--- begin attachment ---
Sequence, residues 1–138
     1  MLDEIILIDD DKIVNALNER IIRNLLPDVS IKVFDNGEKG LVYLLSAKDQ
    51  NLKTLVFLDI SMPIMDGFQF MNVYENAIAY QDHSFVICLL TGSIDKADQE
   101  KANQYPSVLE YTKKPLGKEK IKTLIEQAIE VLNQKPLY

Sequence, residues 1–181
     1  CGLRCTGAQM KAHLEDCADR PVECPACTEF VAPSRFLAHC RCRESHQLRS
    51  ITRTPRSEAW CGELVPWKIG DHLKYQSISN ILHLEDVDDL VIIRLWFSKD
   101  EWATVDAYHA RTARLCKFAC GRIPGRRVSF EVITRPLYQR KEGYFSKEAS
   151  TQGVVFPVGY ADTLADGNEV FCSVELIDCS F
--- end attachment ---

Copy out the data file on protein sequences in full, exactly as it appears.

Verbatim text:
Sequence, residues 1–138
     1  MLDEIILIDD DKIVNALNER IIRNLLPDVS IKVFDNGEKG LVYLLSAKDQ
    51  NLKTLVFLDI SMPIMDGFQF MNVYENAIAY QDHSFVICLL TGSIDKADQE
   101  KANQYPSVLE YTKKPLGKEK IKTLIEQAIE VLNQKPLY

Sequence, residues 1–181
     1  CGLRCTGAQM KAHLEDCADR PVECPACTEF VAPSRFLAHC RCRESHQLRS
    51  ITRTPRSEAW CGELVPWKIG DHLKYQSISN ILHLEDVDDL VIIRLWFSKD
   101  EWATVDAYHA RTARLCKFAC GRIPGRRVSF EVITRPLYQR KEGYFSKEAS
   151  TQGVVFPVGY ADTLADGNEV FCSVELIDCS F